It is implied by the multivariate analyses that the Uganda taxon, though small in size, has relatively large masticatory apparatus. This is tested by an index relating the length of the maxillary postcanine dentition to basal skull length (Fig. 8). Again, L. a. osmani is extremely dimorphic (teeth in females are relatively larger than in males), whereas the Uganda taxon shows no sexual dimorphism at all, as the teeth are relatively enlarged in males as well as females.
It is clear from these results that, as far as cranial measurements are concerned, johnstoni-Uganda differs more from the taxa albigena, osmani and johnstoni-DRC than these three do from each other. To a somewhat lesser degree, but still absolutely (without overlap), the taxon osmani differs from L. a. albigena. We have here four diagnosably distinct taxa, i.e., four species. Three of these are already recognized as distinct subspecies by Groves (1978), and all that needs to be done is to raise them to specific rank: Lophocebus albigena, L. osmani and L. johnstoni. But this analysis has shown that “johnstoni” actually consists of two diagnosable entities: one in DRC, Rwanda and Burundi, the other confined to Uganda. Which is the true Lophocebus johnstoni, and what is the correct name for the other?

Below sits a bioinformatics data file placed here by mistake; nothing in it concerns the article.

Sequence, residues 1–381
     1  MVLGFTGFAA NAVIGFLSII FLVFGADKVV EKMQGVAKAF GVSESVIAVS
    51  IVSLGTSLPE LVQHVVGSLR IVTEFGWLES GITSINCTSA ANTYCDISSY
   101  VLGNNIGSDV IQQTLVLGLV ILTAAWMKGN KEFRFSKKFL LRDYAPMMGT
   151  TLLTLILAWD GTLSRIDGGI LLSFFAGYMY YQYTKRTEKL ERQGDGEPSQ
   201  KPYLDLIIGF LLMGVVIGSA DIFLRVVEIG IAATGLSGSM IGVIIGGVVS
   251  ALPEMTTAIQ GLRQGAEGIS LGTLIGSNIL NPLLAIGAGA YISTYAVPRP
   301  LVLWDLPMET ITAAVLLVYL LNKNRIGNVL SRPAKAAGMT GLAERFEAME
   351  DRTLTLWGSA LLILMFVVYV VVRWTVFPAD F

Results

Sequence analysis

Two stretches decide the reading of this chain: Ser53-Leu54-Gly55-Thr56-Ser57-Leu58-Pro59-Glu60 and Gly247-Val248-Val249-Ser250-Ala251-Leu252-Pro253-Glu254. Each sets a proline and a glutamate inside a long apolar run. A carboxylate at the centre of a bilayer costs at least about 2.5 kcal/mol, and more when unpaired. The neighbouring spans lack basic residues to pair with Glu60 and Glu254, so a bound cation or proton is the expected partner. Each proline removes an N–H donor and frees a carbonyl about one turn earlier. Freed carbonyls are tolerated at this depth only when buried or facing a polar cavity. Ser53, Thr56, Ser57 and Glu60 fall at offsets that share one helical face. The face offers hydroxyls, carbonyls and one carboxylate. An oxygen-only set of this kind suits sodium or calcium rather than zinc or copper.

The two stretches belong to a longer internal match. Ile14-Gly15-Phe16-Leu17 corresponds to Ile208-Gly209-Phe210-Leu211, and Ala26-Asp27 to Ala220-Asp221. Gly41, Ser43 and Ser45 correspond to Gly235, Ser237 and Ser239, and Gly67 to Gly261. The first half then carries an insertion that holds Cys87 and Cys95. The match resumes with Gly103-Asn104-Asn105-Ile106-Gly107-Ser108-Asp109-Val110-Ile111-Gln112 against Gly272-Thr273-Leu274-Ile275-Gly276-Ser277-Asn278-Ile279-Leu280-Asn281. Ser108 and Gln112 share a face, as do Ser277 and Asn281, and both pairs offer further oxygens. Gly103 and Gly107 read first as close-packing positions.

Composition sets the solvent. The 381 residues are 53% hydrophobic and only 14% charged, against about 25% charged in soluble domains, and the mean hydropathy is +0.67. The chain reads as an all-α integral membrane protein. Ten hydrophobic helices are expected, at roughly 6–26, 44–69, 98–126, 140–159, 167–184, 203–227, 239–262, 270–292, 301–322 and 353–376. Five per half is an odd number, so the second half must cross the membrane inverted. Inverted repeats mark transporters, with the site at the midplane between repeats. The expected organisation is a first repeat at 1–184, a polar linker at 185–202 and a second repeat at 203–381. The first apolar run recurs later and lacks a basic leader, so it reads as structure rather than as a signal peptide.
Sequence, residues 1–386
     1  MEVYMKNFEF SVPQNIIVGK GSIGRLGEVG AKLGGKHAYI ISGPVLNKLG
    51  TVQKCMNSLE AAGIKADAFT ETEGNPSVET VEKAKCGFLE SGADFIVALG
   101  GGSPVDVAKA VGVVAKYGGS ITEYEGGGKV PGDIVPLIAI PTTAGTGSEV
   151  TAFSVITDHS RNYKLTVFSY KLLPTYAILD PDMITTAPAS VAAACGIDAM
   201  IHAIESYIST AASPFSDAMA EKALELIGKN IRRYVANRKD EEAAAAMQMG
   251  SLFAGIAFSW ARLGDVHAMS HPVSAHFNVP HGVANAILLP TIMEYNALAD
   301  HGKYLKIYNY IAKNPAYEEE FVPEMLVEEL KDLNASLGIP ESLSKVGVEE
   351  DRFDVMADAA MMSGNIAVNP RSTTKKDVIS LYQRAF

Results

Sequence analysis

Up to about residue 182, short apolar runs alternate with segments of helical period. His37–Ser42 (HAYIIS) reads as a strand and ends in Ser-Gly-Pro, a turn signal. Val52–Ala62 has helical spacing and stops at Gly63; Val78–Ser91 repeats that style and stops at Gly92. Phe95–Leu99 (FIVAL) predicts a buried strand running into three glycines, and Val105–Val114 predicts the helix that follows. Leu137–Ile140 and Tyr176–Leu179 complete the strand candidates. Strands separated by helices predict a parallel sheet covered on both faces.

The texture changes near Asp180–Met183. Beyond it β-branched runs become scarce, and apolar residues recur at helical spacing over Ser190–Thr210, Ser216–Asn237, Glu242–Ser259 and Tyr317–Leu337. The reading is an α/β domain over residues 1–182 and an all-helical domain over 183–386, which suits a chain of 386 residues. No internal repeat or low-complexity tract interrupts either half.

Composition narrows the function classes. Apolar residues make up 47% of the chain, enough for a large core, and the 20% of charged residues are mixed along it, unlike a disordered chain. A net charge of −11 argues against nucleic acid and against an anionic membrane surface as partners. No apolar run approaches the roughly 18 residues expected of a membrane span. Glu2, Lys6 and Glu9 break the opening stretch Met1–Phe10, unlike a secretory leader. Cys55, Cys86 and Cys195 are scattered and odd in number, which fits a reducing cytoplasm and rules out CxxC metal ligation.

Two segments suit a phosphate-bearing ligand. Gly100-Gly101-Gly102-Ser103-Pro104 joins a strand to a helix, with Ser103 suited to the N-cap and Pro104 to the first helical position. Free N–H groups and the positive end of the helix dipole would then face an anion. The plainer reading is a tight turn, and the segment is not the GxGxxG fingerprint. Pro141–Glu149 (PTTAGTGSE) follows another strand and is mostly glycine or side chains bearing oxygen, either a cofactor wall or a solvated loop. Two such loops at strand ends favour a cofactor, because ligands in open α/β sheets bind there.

Semnopithecus albigena johnstoni was described by Lydekker (1900) from a living specimen in the London Zoo, said to have been “brought from the country Barundi, at the north end of Tanganyika”. Schwarz (1910) fixed the type locality as present-day Burundi; as noted above, a skull from Burundi falls well within the sample from DRC, which is therefore the species that takes the name Lophocebus johnstoni. Groves (1978) lists four junior synonyms for johnstoni, of which one has its type locality within Uganda: Cercocebus (Leptocebus) albigena ugandae Matschie, 1912 (type locality ‘Chagwe’). The available name for the Uganda mangabey is therefore Lophocebus ugandae (Matschie, 1912).